Press Releases

North Country Food Summit Returns to Tupper Lake

All Interested in Creating a Just Food System for All Urged to Attend

TUPPER LAKE, N.Y. – Ensuring that all Adirondack North Country residents have access to healthy, affordable food in all seasons, while helping Adirondack farms remain viable, is a big challenge. The North Country Food Justice Working Group is lending a hand.

The working group will hold its second annual Winter Food Summit FEED BACK: Cultivating Action on Thursday, February 28 from 9 a.m. to 5 p.m. The event’s main sponsors are the Adirondack Council, Asgaard Farm and AdkAction. The summit will be held at The Wild Center. 

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“The 2018 Summit began the process of identifying priority projects, working to strengthen existing initiatives, and aiding collaboration,” said Racey Henderson, Program Director for the Essex Farm Institute and a founding member of the North Country Food Justice Working Group. “This year’s summit will build upon last year’s investigation of the North Country’s food system, emphasizing action toward our collective vision of a just and sovereign regional food system. The summit will include contributions that instruct advocates, activists, farmers, and consumers on creating long-lasting changes to the food system and reaching out across socioeconomic and cultural differences.”

The 2018 Food Justice Summit welcomed over 30 speakers, panelists, and presenters. There were over 160 participants, including community leaders, elected officials, teachers, organizations, businesses, farmers, and individuals who came together to ask big questions: “What does food justice look like?” and “How do we create a strong food system, together?” 

This year, participants will learn about the Adirondack food system and how to get engaged in creating positive change, including farming the land, food security efforts, political activism, community organizing, and nutrition education.

The Summit will include a keynote address by Frances Westley, a renowned scholar and consultant in the areas of social innovation, strategies for sustainable development, strategic change, visionary leadership and inter-organizational collaboration.

Her most recent book Getting to Maybe (Random House, 2006) focuses on the dynamics of social innovation, and institutional entrepreneurship in complex, adaptive systems. Experiments in Consilience (Island Press, 2004) focuses on the dynamics of inter-organizational and interdisciplinary collaboration in the management of ecological and conservation problems.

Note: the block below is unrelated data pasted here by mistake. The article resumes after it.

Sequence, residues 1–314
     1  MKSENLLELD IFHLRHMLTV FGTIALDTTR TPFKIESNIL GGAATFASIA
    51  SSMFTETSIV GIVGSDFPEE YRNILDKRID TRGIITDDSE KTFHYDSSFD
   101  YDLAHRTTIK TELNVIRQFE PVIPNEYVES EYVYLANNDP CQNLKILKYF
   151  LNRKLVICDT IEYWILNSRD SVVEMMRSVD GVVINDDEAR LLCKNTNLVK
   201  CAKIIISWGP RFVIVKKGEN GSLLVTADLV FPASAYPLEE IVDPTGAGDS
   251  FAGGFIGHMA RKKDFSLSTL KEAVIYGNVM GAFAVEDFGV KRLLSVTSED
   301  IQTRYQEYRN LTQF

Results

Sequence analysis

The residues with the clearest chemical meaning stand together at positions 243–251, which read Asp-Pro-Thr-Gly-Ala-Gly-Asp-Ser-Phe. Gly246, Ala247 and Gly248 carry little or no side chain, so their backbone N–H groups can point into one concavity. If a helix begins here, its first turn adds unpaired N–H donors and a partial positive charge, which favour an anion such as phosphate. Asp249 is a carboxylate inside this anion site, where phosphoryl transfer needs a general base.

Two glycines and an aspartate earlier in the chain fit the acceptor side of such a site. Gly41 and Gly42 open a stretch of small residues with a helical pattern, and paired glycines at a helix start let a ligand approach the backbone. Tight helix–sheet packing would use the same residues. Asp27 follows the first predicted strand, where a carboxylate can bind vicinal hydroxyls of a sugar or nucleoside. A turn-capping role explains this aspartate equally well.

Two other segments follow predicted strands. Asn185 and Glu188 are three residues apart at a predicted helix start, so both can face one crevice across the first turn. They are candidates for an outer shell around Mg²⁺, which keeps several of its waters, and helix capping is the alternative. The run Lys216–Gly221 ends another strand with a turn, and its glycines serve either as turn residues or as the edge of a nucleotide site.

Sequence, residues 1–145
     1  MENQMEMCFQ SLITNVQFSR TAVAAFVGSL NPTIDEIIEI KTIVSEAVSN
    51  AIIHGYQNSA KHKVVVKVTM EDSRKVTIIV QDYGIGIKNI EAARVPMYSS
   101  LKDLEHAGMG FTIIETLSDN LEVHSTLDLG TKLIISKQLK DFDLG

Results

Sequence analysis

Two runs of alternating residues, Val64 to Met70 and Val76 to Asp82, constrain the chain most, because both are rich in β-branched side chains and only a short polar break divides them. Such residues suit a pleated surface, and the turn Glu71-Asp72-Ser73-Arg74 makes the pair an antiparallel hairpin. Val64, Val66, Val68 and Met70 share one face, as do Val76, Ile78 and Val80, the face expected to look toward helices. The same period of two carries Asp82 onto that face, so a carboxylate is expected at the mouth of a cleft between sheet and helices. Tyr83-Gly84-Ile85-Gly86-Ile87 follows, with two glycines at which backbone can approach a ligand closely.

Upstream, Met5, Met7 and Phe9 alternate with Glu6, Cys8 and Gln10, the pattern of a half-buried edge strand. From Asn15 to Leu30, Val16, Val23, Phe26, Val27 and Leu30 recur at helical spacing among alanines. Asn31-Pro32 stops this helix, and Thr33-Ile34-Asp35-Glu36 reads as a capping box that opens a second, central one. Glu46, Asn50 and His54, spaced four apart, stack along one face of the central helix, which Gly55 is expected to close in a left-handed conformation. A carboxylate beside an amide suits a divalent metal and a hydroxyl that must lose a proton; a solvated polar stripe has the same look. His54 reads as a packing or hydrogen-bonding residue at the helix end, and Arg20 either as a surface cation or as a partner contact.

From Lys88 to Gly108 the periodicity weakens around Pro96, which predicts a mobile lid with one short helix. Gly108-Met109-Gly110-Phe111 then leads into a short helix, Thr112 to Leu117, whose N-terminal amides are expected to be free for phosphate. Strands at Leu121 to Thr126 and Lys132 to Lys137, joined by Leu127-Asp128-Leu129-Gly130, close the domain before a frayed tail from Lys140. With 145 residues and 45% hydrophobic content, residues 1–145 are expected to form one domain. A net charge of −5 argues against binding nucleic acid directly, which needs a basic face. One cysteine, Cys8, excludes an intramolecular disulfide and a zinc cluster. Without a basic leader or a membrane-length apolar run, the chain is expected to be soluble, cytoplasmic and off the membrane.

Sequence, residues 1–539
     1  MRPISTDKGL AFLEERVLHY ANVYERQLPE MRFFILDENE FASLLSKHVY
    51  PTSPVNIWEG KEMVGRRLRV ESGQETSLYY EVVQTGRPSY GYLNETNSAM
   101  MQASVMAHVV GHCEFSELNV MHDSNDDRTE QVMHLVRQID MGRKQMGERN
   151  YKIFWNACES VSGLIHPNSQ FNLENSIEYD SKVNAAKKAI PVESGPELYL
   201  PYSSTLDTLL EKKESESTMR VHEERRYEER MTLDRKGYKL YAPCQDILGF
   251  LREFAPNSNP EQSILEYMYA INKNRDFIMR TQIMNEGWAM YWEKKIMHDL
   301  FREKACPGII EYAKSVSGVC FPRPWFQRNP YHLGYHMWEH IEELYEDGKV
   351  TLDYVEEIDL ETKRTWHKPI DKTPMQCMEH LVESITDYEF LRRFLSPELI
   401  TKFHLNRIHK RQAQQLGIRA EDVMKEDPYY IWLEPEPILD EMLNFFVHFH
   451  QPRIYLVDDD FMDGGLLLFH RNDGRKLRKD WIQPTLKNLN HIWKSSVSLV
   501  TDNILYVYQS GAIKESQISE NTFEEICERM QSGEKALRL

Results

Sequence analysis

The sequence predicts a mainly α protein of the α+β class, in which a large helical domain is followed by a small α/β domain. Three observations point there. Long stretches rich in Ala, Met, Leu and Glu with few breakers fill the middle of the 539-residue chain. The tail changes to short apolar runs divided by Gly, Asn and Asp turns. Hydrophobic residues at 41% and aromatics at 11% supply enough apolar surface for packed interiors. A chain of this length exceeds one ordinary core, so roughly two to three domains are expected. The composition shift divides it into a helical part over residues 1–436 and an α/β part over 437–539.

Participants have the option to attend two of 10 possible breakout sessions. Topics include: Grass-tops change for the North Country Food System; Addressing Food Security in the primary care setting; Education as a tool for food system transformation; Digital Storytelling and Food Justice in the North Country; Underground Railroad Training; Advocacy for Farmers; Storytelling and Reaching across differences; Food Access Panel; Who Controls the Land?; and, The Farmacy Model: a case study for incorporating farm stores into existing rural brick-and-mortar business.

The Summit’s morning and afternoon breakout sessions will be punctuated by breakfast, lunch and snacks of local food and drink prepared by The Wild Center, all included in the $20 registration fee. An afternoon discussion hour will round out the day with topics such as: Farm to School, Farm to Institute and Visioning for the North Country Food Justice Working Group.

“More than 20 speakers and presenters will guide participants through a truly productive and inspiring day,” Henderson said.  Guests hail from NY Center for Worker Justice, Farm Bureau, Eco Practicum, University of Vermont Environmental Studies Program, Sierra Club, Garden Share, Adirondack Foundation, Adirondack North Country Association, Clinton County Department of Health Services, Adirondack Action, and many other local and regional organizations, businesses and institutions. The Department of Agriculture and Markets will be represented at the Summit by David Valesky, the Deputy Commissioner.

FEED BACK’s other sponsors include: Craigardan, John Brown Lives, ANCA, Hamilton College’s Adirondack Program, North Country School/Camp Treetops, Cornell Cooperative Extension and The Adirondack Foundation.

The North Country Food Justice Working Group is a coalition of nonprofit and for-profit organizations, community members, local businesses, farmers and farm workers, and government agencies who have come together to start the conversation about creating a more equitable food system in the North Country. The group seeks to address our region's unique issues of accessibility, inclusivity, nutrition and justice from field to fork.

Essex Farm Institute is a project of the Adirondack Council. Essex Farm Institute supports, promotes and trains farmers to build resilient, diversified farms that are economically viable, socially responsible and environmentally beneficial. It is a co-founder of the North Country Food Justice Working Group.

Registration is open and spaces are limited. Registration options include sliding-scale and work-trade opportunities. Visit foodsummit2019 to register by February 18.  For more information please contact the North Country Food Justice Working Group at

For more information:

Racey Henderson
Program Coordinator, Essex Farm Institute
Founding Partner, North Country Food Justice Working Group


John Sheehan, Adirondack Council, 518-441-1340 (cell)

FOR IMMEDIATE RELEASE: Tuesday, January 29, 2019


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